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What would have been our worst torture in our childhood?
Perhaps the Marshmallow test!
Let’s imagine we are given a marshmallow and asked to wait for 10 minutes to get another one under the condition that we do not eat the original marshmallow.
The test in images:
The Marshmallow effect in our neurons!
Adults are rarely much more mature! We tend to prefer immediate reward than future rewards, even if the future rewards are higher. Many experiments have shown that most animals have the same behavior. Neural correlations have been found through various fMRI experiments to give a biological explanation of this biased behavior. Most of the time, participants have made a series of choices between immediate and future monetary reward while researchers were studying the activation of their brain. They found that when making such choices, let’s say between winning 10 dollars today or 20 dollars in three months, two parts of our brain were competing.
Our parietal cortex, especially sensitive to numbers, time and space magnitudes, ”wants” to be rewarded immediately while our striatum, in charge of reward evaluation, ”wants” the higher reward. For many of us, the parietal cortex has the advantage over our reward system so that we prefer a lower immediate reward rather than waiting to get a better one.
How to model our inter-temporal choices?
Inter-temporal choice is the study of the relative value people assign to two or more payoffs at different points in time, like getting one marshmallow right now or waiting to get another one. Most choices require decision-makers to trade-off costs and benefits at different points in time. In one of the major contributions to behavioral economics, Loewenstein and Prelec (1992) set the foundation for this behavioral approach to decision making over time. Several models have followed (Laibson, Samuelson, Ebert and Prelec…).
1. They found that we do make the same inter-temporal choices in the case of gains or losses. If we have the choice between paying €300 now or €400 in one year (supposing that we do not invest this money) , we will tend to postpone this unpleasant event even if we have to pay more later. On the contrary, as for the children in the marshmallow experiment, we will prefer to get the €300 now rather than waiting one year to get the €400.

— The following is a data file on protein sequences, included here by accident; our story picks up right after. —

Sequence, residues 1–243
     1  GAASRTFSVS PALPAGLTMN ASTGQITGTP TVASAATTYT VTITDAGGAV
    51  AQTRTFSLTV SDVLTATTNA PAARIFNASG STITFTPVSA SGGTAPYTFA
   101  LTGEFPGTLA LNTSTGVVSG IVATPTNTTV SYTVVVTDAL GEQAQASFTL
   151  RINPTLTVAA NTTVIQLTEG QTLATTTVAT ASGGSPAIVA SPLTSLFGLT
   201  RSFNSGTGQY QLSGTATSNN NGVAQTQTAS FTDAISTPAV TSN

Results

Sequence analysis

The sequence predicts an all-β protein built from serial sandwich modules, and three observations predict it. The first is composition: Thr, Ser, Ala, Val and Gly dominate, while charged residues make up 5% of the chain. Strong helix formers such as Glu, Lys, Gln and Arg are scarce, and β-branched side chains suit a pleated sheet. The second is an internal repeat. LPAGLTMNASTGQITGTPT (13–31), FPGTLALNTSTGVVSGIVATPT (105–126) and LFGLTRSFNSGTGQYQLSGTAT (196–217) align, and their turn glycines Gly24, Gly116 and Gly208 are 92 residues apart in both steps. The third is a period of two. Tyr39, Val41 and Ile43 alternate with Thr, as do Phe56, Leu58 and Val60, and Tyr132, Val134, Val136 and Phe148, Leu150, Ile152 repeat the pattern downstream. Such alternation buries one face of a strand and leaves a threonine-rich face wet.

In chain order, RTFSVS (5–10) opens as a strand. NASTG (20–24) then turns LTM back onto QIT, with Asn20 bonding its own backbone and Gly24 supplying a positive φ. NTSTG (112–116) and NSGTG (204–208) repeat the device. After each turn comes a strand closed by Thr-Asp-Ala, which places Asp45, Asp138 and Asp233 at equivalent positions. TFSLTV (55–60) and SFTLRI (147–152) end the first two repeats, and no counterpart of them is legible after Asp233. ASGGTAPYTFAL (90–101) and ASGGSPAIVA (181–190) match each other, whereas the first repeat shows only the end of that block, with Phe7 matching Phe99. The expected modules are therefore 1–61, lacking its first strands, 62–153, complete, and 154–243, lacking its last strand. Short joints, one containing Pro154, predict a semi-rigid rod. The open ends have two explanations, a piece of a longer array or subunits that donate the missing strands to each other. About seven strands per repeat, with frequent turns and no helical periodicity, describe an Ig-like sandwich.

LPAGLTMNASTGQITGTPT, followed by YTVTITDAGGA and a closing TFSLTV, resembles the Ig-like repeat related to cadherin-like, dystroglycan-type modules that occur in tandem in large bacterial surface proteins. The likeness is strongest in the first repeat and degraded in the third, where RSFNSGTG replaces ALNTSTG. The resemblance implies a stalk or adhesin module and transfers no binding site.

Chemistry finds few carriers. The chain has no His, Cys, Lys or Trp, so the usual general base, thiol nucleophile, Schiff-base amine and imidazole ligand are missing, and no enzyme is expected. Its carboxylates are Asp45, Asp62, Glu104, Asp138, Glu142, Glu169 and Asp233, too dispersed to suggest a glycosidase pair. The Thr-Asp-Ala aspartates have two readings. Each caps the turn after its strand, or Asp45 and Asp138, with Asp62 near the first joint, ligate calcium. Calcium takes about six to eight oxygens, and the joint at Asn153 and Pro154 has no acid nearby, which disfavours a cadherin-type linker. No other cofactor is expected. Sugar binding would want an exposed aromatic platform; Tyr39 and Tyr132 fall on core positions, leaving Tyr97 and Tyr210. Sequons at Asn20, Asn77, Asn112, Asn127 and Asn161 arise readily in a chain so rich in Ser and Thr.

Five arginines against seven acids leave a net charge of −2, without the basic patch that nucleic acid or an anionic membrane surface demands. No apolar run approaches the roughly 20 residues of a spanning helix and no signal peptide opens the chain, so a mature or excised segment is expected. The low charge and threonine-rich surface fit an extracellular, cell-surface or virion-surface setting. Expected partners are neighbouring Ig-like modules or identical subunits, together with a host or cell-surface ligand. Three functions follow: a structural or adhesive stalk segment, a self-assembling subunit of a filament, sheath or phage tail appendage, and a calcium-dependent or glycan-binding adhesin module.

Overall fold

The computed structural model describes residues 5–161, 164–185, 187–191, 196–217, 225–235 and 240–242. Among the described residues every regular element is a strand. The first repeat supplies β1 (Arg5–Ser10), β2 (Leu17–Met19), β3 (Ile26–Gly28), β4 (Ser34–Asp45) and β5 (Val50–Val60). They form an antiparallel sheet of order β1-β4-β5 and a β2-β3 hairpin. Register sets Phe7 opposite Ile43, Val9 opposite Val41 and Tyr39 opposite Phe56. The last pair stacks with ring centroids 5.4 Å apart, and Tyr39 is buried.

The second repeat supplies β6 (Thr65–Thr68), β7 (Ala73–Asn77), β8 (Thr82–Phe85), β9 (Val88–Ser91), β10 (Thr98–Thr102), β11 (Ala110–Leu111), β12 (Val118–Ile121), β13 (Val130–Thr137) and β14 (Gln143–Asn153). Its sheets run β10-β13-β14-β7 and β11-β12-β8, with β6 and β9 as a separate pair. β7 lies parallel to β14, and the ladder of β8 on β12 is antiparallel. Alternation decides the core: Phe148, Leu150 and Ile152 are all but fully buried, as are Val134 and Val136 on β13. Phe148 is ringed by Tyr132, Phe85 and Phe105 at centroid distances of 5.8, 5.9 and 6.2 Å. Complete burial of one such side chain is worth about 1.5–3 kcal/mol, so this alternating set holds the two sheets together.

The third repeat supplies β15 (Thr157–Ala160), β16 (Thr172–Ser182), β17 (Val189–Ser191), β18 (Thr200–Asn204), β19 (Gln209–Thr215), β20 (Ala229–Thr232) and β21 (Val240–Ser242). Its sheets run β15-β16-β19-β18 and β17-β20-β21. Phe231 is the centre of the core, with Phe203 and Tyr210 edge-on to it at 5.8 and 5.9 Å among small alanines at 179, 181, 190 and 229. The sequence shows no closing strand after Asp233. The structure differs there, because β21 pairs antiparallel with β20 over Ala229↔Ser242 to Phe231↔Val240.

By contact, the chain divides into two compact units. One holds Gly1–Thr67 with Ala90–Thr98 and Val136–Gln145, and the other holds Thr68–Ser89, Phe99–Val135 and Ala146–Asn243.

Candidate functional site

2. Moreover, contrary to classical economic models, we do not discount time following an exponential but rather a hyperbolic curve which depends on our level of time sensitivity and impatience. Here are how these two parameters are taken into account in a time-discounting model by Ebert and Prelec:
a is the impatience indicator
b is the time sensitivity indicator.
With b=1 being the classical exponential time discounting model
What is the impact of cognitive time discounting on our business decisions?
Most investment decisions are made for the middle or long run. Investing in a stock, in an acquisition, or in an industrial project is betting on the future. When building strategic plans and prospectives, cognitive biases related to time discounting should be take into account as much as possible to better capture what managers really expect from their investments.
Parieto-temporal activation modulates pure time preference. Wegener, J., Madsen, K., Christensen, M. S., & Jamison, J. (2008)
Kable, J. W., & Glimcher, P. W. (2007). The neural correlates of subjective value during intertemporal choice. Nature neuroscience, 10(12), 1625-1633.
McClure, S. M., Laibson, D. I., Loewenstein, G., & Cohen, J. D. (2004). Separate neural systems value immediate and delayed monetary rewards. Science, 306(5695), 503-507.
Loewenstein, G., & Prelec, D. (1992). Anomalies in Intertemporal Choice: Evidence. Choice over time, 119.